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  • Final version before print Being seconded to a Mental Health Trust

    Rights statement: This is a pre-copy-editing, author-produced PDF of an article accepted for publication in British Journal of Social Work following peer review. The definitive publisher-authenticated versionLisa Morriss; Being Seconded to a Mental Health Trust: The (In)Visibility of Mental Health Social Work, The British Journal of Social Work, Volume 47, Issue 5, 1 July 2017, Pages 1344–1360, https://doi.org/10.1093/bjsw/bcw022 is available online at: https://academic.oup.com/bjsw/article-lookup/doi/10.1093/bjsw/bcw022

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    Available under license: CC BY-NC: Creative Commons Attribution-NonCommercial 4.0 International License

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Being seconded to a Mental Health Trust: the (in)visibility of mental health social work

Research output: Contribution to journalJournal articlepeer-review

Published
<mark>Journal publication date</mark>1/07/2017
<mark>Journal</mark>British Journal of Social Work
Issue number5
Volume47
Number of pages17
Pages (from-to)1344-1360
Publication StatusPublished
Early online date27/03/16
<mark>Original language</mark>English

Abstract

The paper explores the implications of being a social worker seconded to a Mental Health Trust based on narrative interviews with mental health social workers. As part of a wider study, thirteen mental health social workers from across England were interviewed individually about their experiences of being seconded to a Mental Health Trust. Building on the work of Andrew Pithouse, the findings reveal the (in)visibility of mental health social work. The social workers were isolated within Health Trusts with minimal links to their Local Authority employers. They struggled to articulate and define social work. Instead, social work was depicted as being indefinable, involving working in liminal spaces and as filling the gaps left by other professions. Furthermore, the social workers were unable to make social work visible as social work is not ‘seen’ by the other members of the team. Finally, the social workers were unable to make social visible through supervision if they did not have a social work manager. The paper ends with an unexpected outcome of the research: the notion of the research interview as surrogate supervision.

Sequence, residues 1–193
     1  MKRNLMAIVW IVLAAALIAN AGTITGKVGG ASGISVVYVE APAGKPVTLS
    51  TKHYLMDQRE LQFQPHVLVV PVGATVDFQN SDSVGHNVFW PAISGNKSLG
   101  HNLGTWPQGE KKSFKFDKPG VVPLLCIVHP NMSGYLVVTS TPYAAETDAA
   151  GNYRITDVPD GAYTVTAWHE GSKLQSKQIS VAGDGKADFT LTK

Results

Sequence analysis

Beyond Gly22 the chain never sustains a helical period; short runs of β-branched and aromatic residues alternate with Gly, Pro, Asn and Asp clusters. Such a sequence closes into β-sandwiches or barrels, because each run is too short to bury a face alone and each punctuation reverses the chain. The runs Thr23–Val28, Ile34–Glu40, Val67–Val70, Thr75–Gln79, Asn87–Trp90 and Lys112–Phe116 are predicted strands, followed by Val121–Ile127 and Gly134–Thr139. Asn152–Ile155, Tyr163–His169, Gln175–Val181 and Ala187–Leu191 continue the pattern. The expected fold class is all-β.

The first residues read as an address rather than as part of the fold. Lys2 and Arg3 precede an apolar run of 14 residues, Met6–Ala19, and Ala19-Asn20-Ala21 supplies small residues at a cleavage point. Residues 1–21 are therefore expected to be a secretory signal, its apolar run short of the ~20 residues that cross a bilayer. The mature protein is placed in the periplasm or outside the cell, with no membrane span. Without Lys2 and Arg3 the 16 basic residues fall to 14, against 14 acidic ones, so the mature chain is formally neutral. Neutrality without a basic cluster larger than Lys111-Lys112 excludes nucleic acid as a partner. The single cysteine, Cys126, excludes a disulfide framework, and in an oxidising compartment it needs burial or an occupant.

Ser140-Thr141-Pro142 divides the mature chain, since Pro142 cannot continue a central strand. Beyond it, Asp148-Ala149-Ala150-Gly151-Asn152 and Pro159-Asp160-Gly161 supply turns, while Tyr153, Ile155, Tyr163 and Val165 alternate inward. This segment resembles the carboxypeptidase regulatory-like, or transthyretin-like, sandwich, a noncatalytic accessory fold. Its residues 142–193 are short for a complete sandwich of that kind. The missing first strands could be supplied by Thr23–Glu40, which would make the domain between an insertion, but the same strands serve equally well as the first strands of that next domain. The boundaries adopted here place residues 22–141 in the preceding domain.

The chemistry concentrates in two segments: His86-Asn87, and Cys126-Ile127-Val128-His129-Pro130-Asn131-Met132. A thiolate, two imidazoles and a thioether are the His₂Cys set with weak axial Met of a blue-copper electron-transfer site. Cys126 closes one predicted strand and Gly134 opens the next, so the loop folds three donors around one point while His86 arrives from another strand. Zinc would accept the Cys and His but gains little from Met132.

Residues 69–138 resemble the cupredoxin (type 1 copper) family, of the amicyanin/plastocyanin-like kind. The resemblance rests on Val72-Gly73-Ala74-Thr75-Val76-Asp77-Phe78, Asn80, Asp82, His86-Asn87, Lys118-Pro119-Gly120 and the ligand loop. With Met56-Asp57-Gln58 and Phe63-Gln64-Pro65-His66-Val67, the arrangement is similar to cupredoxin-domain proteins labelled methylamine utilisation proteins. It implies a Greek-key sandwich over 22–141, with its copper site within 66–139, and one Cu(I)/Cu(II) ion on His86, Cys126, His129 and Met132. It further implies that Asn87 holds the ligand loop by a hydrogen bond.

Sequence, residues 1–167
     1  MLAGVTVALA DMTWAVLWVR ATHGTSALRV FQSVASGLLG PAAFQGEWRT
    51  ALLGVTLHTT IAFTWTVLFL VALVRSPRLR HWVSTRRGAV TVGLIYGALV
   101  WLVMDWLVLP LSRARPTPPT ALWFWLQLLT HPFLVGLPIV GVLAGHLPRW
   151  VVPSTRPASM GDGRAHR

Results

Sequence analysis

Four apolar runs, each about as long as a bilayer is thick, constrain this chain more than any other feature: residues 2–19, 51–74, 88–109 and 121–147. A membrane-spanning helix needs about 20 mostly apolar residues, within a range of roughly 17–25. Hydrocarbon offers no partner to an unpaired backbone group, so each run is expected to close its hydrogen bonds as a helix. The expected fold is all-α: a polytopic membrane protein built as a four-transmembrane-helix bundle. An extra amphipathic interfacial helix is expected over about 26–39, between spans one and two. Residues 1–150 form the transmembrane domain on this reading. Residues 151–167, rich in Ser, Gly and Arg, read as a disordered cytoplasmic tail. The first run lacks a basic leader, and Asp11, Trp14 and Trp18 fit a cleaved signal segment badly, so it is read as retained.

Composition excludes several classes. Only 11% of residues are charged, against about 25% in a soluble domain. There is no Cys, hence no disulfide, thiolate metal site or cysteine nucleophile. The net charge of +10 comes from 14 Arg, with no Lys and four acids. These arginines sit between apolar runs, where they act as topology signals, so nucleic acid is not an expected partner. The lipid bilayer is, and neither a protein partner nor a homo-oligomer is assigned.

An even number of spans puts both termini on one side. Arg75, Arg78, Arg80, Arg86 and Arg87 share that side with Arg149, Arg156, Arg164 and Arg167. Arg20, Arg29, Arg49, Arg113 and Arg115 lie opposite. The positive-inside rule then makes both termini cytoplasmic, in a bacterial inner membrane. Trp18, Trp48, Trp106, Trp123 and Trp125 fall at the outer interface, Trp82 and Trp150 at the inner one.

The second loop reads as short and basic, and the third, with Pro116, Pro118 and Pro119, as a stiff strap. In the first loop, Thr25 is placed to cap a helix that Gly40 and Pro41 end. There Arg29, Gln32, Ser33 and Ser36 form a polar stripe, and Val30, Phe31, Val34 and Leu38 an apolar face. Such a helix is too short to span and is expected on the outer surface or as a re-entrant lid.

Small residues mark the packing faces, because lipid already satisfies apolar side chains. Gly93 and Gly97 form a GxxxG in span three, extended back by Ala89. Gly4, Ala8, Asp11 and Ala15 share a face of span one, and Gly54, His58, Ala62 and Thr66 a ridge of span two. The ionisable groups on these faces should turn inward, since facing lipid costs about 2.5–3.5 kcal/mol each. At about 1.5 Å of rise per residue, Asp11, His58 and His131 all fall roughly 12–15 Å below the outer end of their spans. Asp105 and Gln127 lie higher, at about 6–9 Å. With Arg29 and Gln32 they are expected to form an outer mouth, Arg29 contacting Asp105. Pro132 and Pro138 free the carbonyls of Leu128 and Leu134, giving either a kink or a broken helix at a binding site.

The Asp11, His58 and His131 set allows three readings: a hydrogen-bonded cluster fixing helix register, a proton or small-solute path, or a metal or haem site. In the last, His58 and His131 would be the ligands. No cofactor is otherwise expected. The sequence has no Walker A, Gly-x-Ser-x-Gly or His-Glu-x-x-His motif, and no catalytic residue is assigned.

Bibliographic note

This is a pre-copy-editing, author-produced PDF of an article accepted for publication in British Journal of Social Work following peer review. The definitive publisher-authenticated versionLisa Morriss; Being Seconded to a Mental Health Trust: The (In)Visibility of Mental Health Social Work, The British Journal of Social Work, Volume 47, Issue 5, 1 July 2017, Pages 1344–1360, https://doi.org/10.1093/bjsw/bcw022 is available online at: https://academic.oup.com/bjsw/article-lookup/doi/10.1093/bjsw/bcw022